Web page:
For Immediate Release
August 28, 2020
Atlantic County Reports First Positive West Nile Virus Mosquito Sample of 2020 in Hammonton
Atlantic County has reported finding a mosquito sample in Hammonton that has tested positive for West Nile virus. This is the first confirmed positive mosquito sample found in Atlantic County this year
Representatives from the Atlantic County Office of Mosquito Control collected the sample last week from the200 block of Jacobs Street in Hammonton. County public health and mosquito control officials are conducting mosquito surveillance, implementing additional control measures and providing educational materials to area residents and businesses.
There are no reported human cases of the virus at this time, according to Patricia Diamond, Atlantic County Public Health Officer.
“Covid-19 has not deterred our mosquito control efforts,” stated County Executive Dennis Levinson. “We have conducted aerial sprays and ground sprays to help reduce the annoyance of mosquitoes and protect our residents and visitors from the illnesses they may spread.”
West Nile virus is carried by infected mosquitoes and can be transmitted to birds, animals and humans. Health officials encourage residents to reduce their risk and the spread of West Nile virus by reducing their exposure to mosquito bites by following these tips:
* Use an insect repellent whenever going outdoors. Repellents are an important tool to assist people in protecting themselves from mosquito-borne diseases. The Centers for Disease Control recommends the use of products containing active ingredients which have been registered by the U.S. Environmental Protection Agency for use as repellents applied to skin and clothing and approved for efficacy and human safety when applied as directed. Be sure to follow product directions carefully and consult with your child’s doctor prior to using on children.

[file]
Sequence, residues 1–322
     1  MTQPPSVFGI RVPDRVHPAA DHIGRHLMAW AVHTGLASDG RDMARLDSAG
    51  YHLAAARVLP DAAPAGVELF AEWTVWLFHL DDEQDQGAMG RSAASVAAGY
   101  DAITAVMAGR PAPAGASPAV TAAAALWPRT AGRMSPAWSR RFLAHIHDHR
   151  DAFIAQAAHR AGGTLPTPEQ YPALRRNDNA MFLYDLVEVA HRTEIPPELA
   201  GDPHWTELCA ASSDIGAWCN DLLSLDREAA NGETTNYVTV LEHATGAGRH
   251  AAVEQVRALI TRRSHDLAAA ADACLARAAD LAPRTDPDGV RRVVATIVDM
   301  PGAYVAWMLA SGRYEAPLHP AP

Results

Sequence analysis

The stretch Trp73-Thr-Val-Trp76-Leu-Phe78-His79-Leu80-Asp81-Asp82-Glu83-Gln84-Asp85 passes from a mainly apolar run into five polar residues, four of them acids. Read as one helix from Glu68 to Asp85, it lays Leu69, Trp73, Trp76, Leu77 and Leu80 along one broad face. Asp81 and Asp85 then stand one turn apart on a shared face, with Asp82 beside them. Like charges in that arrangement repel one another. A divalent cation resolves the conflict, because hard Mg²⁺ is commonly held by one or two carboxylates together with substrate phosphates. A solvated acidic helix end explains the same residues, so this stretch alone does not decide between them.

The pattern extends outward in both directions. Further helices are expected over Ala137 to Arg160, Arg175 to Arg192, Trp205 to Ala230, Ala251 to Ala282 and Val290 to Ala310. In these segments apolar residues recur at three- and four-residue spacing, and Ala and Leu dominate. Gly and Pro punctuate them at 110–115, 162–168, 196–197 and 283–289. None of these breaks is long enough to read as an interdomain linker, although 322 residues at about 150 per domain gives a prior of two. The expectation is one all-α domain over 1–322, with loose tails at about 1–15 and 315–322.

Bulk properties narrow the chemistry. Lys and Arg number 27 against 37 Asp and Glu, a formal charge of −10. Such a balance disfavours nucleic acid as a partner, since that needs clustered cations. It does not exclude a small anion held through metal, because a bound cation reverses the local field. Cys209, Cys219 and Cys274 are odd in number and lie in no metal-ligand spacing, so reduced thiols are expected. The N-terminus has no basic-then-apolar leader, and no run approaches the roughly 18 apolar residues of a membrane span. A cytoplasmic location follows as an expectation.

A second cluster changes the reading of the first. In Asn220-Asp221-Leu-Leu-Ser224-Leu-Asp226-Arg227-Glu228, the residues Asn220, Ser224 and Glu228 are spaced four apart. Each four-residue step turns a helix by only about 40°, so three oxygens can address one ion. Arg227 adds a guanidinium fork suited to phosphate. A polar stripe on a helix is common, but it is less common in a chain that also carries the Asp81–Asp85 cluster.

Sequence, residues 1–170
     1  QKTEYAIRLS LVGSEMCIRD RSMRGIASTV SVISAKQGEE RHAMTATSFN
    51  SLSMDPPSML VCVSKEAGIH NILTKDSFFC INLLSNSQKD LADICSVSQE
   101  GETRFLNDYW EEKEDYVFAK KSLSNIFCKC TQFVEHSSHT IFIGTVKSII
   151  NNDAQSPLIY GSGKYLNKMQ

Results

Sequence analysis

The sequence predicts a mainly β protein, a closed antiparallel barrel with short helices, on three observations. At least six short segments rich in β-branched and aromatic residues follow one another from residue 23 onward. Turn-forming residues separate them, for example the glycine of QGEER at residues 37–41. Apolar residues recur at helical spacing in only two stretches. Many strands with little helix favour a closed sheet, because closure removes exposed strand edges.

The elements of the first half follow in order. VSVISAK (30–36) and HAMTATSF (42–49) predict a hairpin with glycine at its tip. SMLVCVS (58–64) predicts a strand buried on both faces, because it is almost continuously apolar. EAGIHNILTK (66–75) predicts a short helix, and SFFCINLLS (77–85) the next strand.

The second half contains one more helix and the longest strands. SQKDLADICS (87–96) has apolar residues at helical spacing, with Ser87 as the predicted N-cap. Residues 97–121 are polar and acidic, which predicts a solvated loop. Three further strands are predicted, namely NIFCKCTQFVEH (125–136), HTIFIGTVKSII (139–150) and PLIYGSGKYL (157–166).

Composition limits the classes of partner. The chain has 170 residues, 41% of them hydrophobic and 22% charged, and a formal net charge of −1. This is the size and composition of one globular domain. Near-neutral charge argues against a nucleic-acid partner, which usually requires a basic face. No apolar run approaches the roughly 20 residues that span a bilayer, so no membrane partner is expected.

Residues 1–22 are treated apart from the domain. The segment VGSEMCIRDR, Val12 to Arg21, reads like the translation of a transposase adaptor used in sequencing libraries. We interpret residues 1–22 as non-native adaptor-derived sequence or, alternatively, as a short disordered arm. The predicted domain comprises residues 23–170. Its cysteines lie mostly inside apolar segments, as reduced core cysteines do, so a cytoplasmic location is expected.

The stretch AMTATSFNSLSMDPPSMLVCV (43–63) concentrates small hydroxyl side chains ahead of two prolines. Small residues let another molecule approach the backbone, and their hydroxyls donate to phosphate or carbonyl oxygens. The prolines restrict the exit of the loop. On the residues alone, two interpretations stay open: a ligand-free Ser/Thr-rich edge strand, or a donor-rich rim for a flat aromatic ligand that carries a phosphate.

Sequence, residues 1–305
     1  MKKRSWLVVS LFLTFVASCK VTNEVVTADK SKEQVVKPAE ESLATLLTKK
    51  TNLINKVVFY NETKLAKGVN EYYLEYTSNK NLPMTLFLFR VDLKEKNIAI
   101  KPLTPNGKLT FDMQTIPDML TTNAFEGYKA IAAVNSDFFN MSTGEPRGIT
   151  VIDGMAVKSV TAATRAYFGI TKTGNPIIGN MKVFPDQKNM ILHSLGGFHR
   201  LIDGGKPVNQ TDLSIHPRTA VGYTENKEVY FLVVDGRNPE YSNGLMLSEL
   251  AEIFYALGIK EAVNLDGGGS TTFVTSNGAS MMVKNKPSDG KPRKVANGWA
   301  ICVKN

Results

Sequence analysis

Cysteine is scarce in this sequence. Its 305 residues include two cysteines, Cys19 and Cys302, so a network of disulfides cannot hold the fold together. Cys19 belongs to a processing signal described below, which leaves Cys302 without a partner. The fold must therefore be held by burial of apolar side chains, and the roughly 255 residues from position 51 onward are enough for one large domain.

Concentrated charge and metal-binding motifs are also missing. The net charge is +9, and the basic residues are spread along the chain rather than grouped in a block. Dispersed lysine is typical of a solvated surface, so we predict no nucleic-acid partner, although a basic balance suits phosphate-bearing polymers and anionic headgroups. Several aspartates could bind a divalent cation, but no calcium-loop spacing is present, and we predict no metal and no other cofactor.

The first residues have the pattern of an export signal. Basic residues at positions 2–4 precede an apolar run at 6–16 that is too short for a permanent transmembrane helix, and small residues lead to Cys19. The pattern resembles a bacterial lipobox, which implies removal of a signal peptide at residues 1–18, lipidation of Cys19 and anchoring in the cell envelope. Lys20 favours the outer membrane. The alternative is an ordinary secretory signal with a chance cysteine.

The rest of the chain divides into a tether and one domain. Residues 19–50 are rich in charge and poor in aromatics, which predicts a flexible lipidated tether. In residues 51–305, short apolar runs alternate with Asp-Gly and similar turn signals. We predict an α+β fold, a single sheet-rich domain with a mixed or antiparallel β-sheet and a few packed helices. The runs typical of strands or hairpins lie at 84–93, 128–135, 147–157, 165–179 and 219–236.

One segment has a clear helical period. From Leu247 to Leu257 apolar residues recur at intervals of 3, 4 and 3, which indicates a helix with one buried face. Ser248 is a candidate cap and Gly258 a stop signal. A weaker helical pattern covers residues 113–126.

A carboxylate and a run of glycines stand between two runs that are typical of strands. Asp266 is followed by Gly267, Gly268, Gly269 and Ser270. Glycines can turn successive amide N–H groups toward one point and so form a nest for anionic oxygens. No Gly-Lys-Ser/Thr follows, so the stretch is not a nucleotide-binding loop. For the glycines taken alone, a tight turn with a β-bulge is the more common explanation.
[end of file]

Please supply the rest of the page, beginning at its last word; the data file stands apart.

* Rid properties of mosquito breeding grounds by draining standing water. Mosquitoes do not travel far from where they breed. Buckets, bird baths, flower pots and other containers can hold water and provide an ideal environment for mosquitoes. Be sure to empty these containers regularly.
* Clean clogged gutters; check and repair screen doors.
For more information about West Nile virus, visit the Atlantic County Web site at: www.aclink.org/publichealth or call the Division of Public Health at (609) 645-5971.
If you need assistance in removing stagnant puddles or floodwater from your property, call the Office of Mosquito Control at (609) 645-5948.